What do Soda Cans, Resistivity, and Drilling have to do with each other?

“Turns out soda cans and core liners have the same diameter” That was the start of a very interesting, but useful DIY experiment out here on the Tyrrhenian Sea.

Watch the movie to see the process of testing the soda can meter and/or read below for a quick summary.

Clay Furman is the Schlumberger Logging Engineer in charge of helping the science crew with downhole logging. When the borehole is finished being drilled for core collection, scientists will want to take measurements of the actual cored geological formations in the borehole. They can correlate that data to the data collected in the core as a way to close any gaps of information. Clay who is an expert in how to build, use, and run the logging tools, is contracted out from Schlumberger so there is only one of him on board trained to use the tools. One of the tools he deploys reads the electrical resistivity geological formations through the borehole walls. Electrical Resistivity is measuring the materials resistance to an electrical current moving through it. Plus, resistivity plays an useful role in identifying both the chemical and minerology make up of the surrounding fluids and geological materials. This information can be the building blocks to answering questions about historical climates and environments. These kinds of details are fascinating to Philippe Pezard, the downhole logging specialist, who spends time reading the output of the 4+ logging tools used during expedition.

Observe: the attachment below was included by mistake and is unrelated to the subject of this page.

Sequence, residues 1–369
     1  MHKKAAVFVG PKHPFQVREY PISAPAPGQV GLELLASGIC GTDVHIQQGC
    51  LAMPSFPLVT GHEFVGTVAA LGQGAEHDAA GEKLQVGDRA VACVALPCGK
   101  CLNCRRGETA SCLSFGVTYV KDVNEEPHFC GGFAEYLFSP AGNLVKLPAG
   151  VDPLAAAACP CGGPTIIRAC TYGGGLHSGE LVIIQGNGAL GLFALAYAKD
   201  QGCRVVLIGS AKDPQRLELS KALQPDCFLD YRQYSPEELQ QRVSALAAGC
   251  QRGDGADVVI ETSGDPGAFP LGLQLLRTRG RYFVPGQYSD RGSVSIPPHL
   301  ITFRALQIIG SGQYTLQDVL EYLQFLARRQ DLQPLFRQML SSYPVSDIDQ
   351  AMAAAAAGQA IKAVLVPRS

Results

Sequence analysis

Philippe Pezard presenting his findings in a meeting with the science crew.


After logging one of our drilling sites, Philippe noticed that in the logging results there was an area of higher resistivity than the rest of the borehole. This was interesting because the cores did not have a similar increase. So it begs the question, what made it get that high?


One notable fact is that we use drilling fluid when coring. During drilling operations we use drilling fluids to help flush out the borehole of cuttings that get generated as we core. But if the cuttings aren’t flushing out of the borehole as fast as we need, we will switch to drilling mud which is seawater mixed in with a high viscosity mud. Soon after seeing the results, Philippe decided to determine the resistivity of the drilling mud and enlisted the help of Clay. It was theorized that the drilling mud was giving off that resistivity measurement rather than that of seawater.

To clarify, drilling fluid is used to flush out the drilling cuttings throughout the process of drilling to avoid the drill pipe from getting stuck during operations. Since the resistivity logging tool sends an electrical current out from the tool into the borehole wall and back, the resistivity of any material both liquid and solid will be recorded. If the drilling fluid was not flushed out before the logging tools were sent down, we would also be recording that drilling fluid resistivity.

To determine if the theory was correct, Clay built a DIY resistivity meter out of soda cans. Then took the data back to Philippe to compare it to the results shown above. Turns out, the spike in resistivity was due to a certain amount of drilling mud that got stuck in that part of the borehole!


Tessa Peixoto
Science enthusiast dedicated to making science more accessible to the public. She has worked in numerous informal educational spaces and believes that everyone does want to learn about their world but just needs help believing in themselves.
More articles by: Tessa Peixoto

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